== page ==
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Yet, their authority was never accepted throughout Hispania.Braga had an important role in the Christianization of the Iberian Peninsula.

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A 16th-century map of Braga, when the city was enclosed by its mediaeval wall.

The large building in the centre is the Cathedral, while the Episcopal Palace and courtyards can be seen above the cathedral and the ancient Castle of Braga Human occupation of the region of Braga dates back thousands of years, documented by vestiges of monumental structures starting in the Megalithic era.

During the Germanic Invasions of the Iberian Peninsula, the area was conquered by the Suebi, a Germanic people from Central Europe.

In 410, the Suebi established a Kingdom in northwest Iberia covering what is present-day's Northern half of Portugal, Galicia and Asturias, which they maintained as Gallaecia, and had Bracara as their capital.

In the early 5th century, Paulus Orosius (a friend of Augustine of Hippo) wrote several theological works that expounded the Christian faith, while in the 6th century Bishop Martin of Braga converted the originally pagan Suebi and Visigoths from Arianism to Catholicism.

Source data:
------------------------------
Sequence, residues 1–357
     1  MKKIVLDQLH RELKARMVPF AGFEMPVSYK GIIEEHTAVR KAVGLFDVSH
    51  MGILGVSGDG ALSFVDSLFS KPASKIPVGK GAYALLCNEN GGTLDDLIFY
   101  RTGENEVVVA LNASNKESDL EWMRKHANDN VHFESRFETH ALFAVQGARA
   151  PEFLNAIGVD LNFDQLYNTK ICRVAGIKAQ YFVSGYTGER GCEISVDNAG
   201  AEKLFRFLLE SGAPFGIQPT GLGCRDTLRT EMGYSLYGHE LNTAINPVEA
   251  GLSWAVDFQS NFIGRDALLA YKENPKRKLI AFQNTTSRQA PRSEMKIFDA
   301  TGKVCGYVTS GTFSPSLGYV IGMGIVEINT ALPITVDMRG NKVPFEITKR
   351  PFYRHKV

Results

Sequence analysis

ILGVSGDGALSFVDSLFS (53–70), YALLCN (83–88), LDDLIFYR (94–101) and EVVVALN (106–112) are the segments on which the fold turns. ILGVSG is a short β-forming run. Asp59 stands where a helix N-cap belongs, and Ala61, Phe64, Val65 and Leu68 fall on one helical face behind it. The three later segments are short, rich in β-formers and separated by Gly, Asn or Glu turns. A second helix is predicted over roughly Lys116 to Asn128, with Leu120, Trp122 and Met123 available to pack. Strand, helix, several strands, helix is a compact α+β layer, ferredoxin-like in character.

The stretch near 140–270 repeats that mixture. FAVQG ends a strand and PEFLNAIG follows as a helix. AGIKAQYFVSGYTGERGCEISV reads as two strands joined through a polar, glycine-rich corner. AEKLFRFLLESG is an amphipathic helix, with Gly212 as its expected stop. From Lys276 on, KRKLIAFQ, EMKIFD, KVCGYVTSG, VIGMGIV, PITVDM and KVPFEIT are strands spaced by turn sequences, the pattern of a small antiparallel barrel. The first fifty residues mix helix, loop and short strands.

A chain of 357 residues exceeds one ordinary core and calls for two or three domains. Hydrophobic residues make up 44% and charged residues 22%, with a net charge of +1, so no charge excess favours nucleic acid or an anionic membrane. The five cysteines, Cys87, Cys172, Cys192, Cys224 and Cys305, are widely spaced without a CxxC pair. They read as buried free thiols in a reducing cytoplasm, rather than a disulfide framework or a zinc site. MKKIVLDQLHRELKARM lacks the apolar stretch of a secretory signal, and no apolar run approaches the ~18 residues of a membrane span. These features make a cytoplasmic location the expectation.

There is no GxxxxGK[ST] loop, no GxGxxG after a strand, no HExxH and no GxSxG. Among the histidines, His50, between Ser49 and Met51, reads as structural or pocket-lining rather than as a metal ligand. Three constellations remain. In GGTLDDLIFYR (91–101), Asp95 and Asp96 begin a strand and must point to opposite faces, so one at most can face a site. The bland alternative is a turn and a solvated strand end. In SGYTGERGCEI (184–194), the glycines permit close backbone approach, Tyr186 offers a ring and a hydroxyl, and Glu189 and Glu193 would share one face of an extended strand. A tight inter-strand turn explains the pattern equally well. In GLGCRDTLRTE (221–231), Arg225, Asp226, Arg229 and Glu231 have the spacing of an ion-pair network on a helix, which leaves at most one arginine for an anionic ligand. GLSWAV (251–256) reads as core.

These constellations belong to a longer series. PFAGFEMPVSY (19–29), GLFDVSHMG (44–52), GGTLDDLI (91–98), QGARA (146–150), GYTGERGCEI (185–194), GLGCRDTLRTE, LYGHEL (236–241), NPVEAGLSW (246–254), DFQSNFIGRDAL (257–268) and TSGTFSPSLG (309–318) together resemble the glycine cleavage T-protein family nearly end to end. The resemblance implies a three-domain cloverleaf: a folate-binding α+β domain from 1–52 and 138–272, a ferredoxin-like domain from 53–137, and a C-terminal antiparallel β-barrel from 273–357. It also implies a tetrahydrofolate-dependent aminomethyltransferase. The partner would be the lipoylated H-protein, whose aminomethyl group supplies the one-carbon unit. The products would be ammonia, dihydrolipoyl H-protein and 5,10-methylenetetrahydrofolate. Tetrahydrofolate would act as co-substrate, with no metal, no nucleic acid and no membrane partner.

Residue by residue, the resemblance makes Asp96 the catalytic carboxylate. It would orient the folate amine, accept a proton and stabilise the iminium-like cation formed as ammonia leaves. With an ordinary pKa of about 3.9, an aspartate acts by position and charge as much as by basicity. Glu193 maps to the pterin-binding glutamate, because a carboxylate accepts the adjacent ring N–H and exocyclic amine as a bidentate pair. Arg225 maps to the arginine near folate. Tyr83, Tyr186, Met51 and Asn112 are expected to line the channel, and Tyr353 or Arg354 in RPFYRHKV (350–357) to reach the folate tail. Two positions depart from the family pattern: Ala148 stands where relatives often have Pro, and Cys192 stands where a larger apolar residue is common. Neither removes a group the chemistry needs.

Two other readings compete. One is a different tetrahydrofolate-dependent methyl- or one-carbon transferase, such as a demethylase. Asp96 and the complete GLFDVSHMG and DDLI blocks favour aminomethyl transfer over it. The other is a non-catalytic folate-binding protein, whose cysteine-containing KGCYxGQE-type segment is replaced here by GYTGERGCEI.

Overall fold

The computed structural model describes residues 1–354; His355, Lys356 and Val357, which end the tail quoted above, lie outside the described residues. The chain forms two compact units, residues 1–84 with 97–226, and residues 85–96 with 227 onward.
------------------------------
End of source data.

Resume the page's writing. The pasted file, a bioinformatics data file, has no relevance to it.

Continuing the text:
At the time, Martin also founded an important monastery in Dumio (Dume), and it was in Braga that Archbishopric of Braga held their councils.

The Romans began their conquest of the region around 136 BC, and finished it, by pacifying the northern regions, during the reign of Emperor Augustus.

The civitas of Bracara Augusta was founded in 20 BC; in the context of the administrative reorganization of these Roman acquisitions, Bracara was rededicated to the Emperor taking on the name Bracara Augusta.

But, by the second half of that century, with influence from Portuguese immigrants living in Brazil, new money and tastes resulted in improvements to architecture and infrastructures.

The city is on the Portuguese Way path of the Road of St James.

The city of Bracara Augusta developed greatly during the 1st century and reached its maximum extension around the 2nd century.

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